To add to the glam factor, tones of black, white, gray and silver were used on the walls and cabinets, which were done by Built to Fit.
The cabinetry was dressed in a beautiful cream hue. The pantry, which was maintained, was painted black and a small black trim was carried across the top of all the cabinets to tie them together. The show stopper, however, is the silver vent hood, which beams out of the functional yin and yang kitchen.
“It’s actually wood, and then they took little tiny pieces of silver leaf and overlaid it,” says Upchurch. The same treatment was also done on the walls in the nook and, in some cases, the walls in the kitchen.
The lower level's bar (top) imparts a sophisticated sense of style.
Nothing encourages social interaction like a beautiful bar.
“Everyone loves this bar. It just has a really neat effect to it,” says Upchurch, who recently christened the home with her annual Halloween party.
The open basement leads to an outdoor patio, making the space ideal for entertaining. The redesign utilized the footprint of the existing bar, but updated it with a textured top, smoky gray mirrors, a stainless steel counter, a mirrored backdrop and the sink was moved to free up more counter space.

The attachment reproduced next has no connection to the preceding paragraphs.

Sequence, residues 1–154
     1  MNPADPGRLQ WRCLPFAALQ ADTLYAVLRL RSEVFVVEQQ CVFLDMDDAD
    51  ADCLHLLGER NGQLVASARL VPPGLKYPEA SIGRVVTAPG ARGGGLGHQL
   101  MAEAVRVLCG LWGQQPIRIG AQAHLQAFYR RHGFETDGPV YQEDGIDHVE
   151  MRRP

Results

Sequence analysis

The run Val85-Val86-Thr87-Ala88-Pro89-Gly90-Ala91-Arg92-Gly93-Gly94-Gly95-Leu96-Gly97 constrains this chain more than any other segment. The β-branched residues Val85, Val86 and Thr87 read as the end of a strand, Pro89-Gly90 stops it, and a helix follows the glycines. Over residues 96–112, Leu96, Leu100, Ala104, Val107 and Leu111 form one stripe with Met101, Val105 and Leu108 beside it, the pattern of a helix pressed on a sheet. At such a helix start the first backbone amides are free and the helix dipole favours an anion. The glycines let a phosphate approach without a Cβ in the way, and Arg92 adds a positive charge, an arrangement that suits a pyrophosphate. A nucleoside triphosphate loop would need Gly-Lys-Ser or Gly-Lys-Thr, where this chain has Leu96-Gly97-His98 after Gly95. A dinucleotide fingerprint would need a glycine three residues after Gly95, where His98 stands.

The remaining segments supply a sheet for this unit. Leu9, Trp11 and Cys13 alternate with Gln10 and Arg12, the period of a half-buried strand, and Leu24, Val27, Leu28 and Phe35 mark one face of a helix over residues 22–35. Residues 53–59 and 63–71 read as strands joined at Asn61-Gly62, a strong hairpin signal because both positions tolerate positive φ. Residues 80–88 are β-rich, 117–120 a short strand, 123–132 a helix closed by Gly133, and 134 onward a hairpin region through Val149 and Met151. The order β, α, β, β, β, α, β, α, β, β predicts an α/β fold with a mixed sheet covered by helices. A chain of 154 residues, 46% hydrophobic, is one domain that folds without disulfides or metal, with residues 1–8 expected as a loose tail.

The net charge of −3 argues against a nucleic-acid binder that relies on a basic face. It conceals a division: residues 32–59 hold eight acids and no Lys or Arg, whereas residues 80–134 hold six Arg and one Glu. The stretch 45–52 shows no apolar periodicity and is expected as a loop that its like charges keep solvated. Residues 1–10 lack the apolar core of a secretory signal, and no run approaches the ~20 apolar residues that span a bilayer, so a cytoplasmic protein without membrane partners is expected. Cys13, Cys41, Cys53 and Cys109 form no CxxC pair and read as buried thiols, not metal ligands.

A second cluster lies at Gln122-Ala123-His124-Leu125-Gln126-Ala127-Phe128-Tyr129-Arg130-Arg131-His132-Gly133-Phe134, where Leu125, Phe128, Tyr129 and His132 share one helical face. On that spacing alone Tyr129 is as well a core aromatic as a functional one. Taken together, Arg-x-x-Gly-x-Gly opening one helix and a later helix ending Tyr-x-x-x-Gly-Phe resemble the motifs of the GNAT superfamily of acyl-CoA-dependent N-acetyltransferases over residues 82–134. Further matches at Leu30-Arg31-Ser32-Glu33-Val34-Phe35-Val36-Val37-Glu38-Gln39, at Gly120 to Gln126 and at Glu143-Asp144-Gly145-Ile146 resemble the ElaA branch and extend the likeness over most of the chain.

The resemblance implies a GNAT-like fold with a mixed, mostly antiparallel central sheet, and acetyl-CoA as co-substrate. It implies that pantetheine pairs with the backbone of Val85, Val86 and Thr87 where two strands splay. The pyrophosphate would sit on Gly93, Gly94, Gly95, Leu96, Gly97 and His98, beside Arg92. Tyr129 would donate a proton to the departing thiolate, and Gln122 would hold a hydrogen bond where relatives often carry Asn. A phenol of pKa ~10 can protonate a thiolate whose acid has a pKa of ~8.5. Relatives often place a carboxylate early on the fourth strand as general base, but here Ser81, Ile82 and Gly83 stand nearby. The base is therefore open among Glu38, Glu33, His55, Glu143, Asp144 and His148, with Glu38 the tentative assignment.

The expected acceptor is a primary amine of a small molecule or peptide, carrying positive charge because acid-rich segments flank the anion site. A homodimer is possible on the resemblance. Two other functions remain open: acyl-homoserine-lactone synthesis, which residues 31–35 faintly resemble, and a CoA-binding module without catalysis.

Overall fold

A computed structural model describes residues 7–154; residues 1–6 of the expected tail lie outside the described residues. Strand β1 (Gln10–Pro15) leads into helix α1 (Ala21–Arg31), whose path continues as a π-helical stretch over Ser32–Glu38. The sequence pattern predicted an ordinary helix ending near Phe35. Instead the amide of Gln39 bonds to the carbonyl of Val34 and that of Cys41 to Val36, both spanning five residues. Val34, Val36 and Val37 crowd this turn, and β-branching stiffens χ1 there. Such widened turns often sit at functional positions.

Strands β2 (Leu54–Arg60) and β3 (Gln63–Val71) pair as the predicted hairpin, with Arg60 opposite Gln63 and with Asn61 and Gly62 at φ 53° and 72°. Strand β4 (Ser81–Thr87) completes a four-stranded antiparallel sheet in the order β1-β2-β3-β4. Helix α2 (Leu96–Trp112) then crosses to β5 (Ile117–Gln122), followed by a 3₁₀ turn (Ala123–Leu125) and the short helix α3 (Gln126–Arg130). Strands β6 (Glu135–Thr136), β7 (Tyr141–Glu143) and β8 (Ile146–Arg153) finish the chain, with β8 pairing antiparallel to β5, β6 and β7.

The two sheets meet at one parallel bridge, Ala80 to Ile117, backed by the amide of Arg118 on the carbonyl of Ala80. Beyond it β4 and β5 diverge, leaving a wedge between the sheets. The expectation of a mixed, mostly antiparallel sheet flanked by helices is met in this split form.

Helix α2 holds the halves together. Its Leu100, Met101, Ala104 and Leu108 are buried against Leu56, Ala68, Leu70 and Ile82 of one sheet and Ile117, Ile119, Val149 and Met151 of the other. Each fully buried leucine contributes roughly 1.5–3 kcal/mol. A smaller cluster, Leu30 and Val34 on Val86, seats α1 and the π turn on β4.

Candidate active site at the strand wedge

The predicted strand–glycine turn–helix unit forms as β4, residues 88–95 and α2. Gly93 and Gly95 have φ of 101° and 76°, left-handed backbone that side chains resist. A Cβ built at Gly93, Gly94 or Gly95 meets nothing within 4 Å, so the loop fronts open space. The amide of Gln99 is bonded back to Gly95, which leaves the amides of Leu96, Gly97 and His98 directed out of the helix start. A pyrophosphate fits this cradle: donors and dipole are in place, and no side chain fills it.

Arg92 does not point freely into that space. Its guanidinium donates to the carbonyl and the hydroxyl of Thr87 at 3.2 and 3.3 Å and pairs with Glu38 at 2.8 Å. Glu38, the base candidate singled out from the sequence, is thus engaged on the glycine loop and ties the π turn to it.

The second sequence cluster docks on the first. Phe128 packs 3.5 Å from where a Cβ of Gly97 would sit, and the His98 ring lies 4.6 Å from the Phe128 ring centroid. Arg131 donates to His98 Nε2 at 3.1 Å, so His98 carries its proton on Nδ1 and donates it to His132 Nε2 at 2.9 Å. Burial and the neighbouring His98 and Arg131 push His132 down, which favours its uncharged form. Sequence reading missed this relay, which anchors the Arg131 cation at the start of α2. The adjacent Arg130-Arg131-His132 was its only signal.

“First, we did upstairs, then we decided that she didn’t want to spend a lot of money, but she did; then one thing lead to another,” says Janet of the lower level.
Suspended above the bar are conversation-starting lights from Wilson Lighting, which outfitted the entire house. All in all, the effect of the bar space is stylish with a touch of sass. And this sweet spot represents only a fraction of the basement.
The cozy furniture comes from Seville and the artwork is mostly from Wilson. New travertine flooring also makes the space more functional for Upchurch’s two children when they are home from college.
“This is my living space … it’s just the right amount of space,” says the happy homeowner.
For Upchurch, rejuvenating her new space required a few special plays: working with someone she adores, redesigning for entertaining and delving into a fresh new color palette — translating into a sure-fire home run on the home front.
Sleek furnishings, artistic wall treatments and luxurious appointments contribute to this home's cultivated allure (top). Pendant teardrop lighting offers subtle visual interest (bottom).
Brenda Upchurch’s home has a unique exhibition of lighting. Around every corner is a new chandelier or sconce that is more fascinating than the last.
Wilson Lighting assisted with the pieces, but Janet Alholm curated.
“I always think outside of the box,” she says.
- The guest bath features bright modern sconces among a series of three square mirrors.
- Master bath adorns a whimsical tree-branch chandelier, Brenda’s favorite.
- Salon rests under a large colonial chandelier
- Spiral iron and glass chandelier over the kitchen island
- Bubbling drop lights over the basement bar